In Quantum Metrology, the aim is to estimate some unknown parameters(I will talk about one parameter estimation in this post, while multiparameter is also available) as precise as possible. Without quantum resources, we can only realize the Standard Quantum Limit(SQL), normally referred to as the form $$var(\hat{\theta})=1/n$$, where $$\hat{\theta}$$ is the estimator(function of random variables to estimate the unknown parameter $$\theta$$) and $$n$$ is the number of resources, e.g. number of particles. While with quantum resources, we may reach the so-called Heisenberg's Limit(HL), normally referred to as the form $$var(\hat{\theta})=1/n^2$$, a square enhancement in the precision. Here is a frequently used state example, stating that the GHZ state $$1/\sqrt{2}(|0\rangle^{\otimes n}+|1\rangle^{\otimes n})$$ after the evolution described by the unitary operator $$U = e^{-i\theta\sigma_z/2}\otimes e^{-i\theta\sigma_z/2}\otimes...$$ will become $$1/\sqrt{2}(|0\rangle^{\otimes n}+e^{in\theta}|1\rangle^{\otimes n})\tag{1}$$ ignoring the global phase. And we can estimate the value of the parameter by measuring this parameterized quantum state.

My question is, the HL will show its advantage only when the scale is $$1/n^2$$, while from eq.(1), we can easily see that there's a $$2\pi$$ period in an exponential function, no matter how small $$\theta$$ is, we cannot always enhance our precision by HL scale when $$n$$ pass some specific value. So, how to understand this paradox, did I miss something?

• Actually, this is the drawback of quantum metrology under the framework of locally unbiased estimators. Another framework is global estimation, e.g. Bayesian framework and minimax framework. A related paper discussing such a problem is this one. Commented May 12 at 8:37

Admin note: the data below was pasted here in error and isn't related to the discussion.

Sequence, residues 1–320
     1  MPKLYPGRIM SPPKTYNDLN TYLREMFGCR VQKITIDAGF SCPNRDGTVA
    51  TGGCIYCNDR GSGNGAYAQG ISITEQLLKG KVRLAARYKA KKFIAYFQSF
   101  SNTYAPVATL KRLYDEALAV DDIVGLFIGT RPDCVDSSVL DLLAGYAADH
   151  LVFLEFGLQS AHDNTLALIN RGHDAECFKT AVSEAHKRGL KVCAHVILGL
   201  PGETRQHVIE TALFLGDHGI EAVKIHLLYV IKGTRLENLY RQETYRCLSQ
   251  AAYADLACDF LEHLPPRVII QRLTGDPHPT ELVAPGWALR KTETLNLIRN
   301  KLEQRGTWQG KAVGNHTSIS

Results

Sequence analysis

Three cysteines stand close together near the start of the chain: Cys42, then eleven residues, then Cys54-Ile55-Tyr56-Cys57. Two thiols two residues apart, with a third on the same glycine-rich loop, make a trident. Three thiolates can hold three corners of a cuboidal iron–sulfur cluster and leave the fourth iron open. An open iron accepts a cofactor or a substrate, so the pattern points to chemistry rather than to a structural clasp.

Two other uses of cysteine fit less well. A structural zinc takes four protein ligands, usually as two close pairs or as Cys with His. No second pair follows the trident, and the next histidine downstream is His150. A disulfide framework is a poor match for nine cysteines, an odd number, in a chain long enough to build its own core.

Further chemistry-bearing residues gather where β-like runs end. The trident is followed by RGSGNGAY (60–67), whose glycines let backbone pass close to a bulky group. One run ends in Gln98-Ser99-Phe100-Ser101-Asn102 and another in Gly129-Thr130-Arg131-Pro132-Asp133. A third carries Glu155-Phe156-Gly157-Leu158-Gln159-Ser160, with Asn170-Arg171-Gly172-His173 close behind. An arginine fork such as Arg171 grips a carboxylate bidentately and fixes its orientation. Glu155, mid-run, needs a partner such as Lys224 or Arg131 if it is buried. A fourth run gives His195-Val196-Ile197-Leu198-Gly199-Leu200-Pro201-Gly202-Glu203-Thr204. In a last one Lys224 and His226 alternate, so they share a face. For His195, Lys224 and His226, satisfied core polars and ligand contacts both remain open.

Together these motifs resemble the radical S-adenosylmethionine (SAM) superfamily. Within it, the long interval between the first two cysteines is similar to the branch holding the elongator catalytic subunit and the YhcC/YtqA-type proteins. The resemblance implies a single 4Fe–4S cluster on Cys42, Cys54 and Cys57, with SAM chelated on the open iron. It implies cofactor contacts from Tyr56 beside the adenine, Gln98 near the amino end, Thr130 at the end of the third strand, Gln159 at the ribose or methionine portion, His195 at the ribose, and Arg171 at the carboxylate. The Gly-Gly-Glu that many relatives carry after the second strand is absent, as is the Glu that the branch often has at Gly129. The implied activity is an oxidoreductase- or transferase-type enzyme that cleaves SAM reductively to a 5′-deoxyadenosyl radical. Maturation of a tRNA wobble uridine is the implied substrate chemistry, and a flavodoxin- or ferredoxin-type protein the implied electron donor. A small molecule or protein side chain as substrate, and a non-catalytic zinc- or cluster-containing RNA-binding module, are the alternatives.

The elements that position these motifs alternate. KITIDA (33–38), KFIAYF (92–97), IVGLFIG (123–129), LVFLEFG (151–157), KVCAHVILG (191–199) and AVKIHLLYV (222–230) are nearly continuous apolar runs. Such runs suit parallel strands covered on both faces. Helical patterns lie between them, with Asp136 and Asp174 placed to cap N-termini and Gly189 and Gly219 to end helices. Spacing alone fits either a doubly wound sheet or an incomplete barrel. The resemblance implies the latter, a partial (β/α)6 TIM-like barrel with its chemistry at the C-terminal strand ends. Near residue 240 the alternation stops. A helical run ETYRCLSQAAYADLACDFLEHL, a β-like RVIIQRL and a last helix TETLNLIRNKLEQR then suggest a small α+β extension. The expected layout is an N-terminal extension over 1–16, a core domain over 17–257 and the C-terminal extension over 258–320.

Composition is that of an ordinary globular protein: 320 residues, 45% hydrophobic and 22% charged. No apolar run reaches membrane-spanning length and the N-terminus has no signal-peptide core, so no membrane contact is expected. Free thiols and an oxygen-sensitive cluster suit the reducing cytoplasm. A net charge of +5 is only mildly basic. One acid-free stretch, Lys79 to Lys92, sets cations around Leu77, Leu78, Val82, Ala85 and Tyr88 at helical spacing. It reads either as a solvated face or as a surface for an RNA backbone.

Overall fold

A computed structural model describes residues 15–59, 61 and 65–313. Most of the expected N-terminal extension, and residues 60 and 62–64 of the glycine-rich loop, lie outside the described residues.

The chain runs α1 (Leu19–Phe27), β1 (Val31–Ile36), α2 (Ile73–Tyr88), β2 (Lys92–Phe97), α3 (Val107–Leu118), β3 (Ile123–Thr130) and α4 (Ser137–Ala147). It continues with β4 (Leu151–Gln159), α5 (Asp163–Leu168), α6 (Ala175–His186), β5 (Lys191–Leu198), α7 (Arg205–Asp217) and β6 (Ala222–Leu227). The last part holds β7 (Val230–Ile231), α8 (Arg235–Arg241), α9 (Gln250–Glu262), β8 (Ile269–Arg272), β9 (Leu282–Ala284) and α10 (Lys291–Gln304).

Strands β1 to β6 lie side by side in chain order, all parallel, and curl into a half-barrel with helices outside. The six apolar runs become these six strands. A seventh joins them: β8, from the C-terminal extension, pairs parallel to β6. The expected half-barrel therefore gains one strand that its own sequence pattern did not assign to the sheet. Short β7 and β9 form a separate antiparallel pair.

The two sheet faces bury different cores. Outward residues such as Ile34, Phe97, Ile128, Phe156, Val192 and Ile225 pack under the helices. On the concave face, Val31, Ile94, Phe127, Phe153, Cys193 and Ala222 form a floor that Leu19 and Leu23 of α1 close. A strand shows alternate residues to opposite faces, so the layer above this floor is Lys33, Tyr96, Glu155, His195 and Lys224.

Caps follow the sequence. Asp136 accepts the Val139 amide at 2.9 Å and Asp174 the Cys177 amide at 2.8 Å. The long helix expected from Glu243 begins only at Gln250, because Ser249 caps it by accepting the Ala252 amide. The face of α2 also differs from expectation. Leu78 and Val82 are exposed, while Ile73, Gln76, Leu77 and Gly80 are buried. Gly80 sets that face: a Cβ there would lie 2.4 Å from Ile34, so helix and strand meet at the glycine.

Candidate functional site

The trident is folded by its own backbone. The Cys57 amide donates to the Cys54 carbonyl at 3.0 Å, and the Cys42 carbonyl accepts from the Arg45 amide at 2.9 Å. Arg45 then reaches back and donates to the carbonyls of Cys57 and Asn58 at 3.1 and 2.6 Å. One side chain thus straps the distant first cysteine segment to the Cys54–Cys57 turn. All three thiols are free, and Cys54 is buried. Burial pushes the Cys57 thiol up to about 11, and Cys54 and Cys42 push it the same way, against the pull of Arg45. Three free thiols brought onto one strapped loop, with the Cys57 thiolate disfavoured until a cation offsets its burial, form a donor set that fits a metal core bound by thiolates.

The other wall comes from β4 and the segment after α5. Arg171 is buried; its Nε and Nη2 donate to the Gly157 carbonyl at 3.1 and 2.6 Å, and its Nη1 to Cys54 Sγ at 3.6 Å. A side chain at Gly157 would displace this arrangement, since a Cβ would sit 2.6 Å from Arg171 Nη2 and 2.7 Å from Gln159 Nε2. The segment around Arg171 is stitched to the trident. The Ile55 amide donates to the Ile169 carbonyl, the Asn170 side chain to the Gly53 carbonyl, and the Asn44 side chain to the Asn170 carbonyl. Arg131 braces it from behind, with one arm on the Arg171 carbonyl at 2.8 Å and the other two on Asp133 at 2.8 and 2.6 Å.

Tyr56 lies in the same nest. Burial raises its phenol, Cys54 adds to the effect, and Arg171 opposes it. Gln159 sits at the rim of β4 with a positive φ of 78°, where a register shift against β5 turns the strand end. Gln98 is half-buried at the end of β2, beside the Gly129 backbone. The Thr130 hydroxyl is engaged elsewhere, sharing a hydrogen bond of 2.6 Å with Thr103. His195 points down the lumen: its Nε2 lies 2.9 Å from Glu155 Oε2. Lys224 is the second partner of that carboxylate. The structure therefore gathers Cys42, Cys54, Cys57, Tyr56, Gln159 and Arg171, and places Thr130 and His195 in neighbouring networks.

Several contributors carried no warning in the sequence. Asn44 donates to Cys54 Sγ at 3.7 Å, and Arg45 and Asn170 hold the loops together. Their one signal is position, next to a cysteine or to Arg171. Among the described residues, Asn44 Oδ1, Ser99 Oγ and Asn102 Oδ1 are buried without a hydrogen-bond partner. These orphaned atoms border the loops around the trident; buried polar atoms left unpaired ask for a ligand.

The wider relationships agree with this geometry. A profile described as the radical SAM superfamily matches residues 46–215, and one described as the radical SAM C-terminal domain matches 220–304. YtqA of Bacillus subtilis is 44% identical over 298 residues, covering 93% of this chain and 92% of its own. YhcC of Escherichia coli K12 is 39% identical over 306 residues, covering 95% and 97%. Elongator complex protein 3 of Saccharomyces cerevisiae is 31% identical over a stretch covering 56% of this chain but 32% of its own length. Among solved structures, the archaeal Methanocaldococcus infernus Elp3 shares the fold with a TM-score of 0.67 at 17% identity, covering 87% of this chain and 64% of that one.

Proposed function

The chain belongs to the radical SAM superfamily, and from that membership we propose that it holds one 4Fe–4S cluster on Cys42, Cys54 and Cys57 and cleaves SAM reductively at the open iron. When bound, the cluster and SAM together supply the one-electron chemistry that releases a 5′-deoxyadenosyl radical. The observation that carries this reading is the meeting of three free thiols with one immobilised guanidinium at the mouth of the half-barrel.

You are correct, but the SQL is a local limit, when you already have a very good idea what the value of $$\theta$$ is, so there is no contradiction.
Let's work through it. You measure some relative phase $$\Theta$$, and you infer that $$\Theta=n\theta-2\pi k,\quad k\in \mathbb{N}.$$ You work out that $$\theta=\frac{\Theta +2\pi k}{n},$$ where $$\Theta$$ and $$n$$ are known ($$n$$ is known because you set up your experiment) and $$k$$ is unknown. You now must determine what values of $$k$$ are possible, then you are finished.
Because the SQL is local, we know a priori that $$\theta_{\text{low}}\leq \theta\leq \theta_{\text{high}}$$ for some values of $$\theta_{\text{low}}$$ and $$\theta_{\text{high}}$$, so we deduce that $$\frac{n\theta_{\text{low}}-\Theta}{2\pi}\leq k\leq \frac{n\theta_{\text{high}}-\Theta}{2\pi}.$$ So as long as our initial knowledge has sufficiently small $$\theta_{\text{high}}-\theta_{\text{low}}$$, there will only be one possible value of $$k$$, and we will fully determine the value of $$\theta$$. If our initial knowledge is not precise enough, you are correct that using too large a value of $$n$$ will yield multiple possible results.
• @narip I mean exactly what I said, that the possible values of $\theta$ are restricted to a small region around the "true" value of $\theta$. See e.g. doi.org/10.1007/s00220-019-03433-4. This is why the SQL is an asymptotic limit, as you can only achieve that precision in the limit of doing lots of measurements. Commented Nov 15, 2021 at 15:05
• @narip any text on Fisher information (regardless of quantum) will explain that it can be attained in the asymptotic limit where the sample size is very large (and thus you have very good prior information about the parameter). As for only learning about a parameter up to $2\pi k/n$, this is true for all phase estimation. For example en.wikipedia.org/wiki/Quantum_phase_estimation_algorithm assumes the phase to be close to 0, setting $\theta_{\mathrm{low}}=0$ and $\theta_{\mathrm{high}}=1/2^{n+1}$ Commented Apr 10, 2023 at 13:08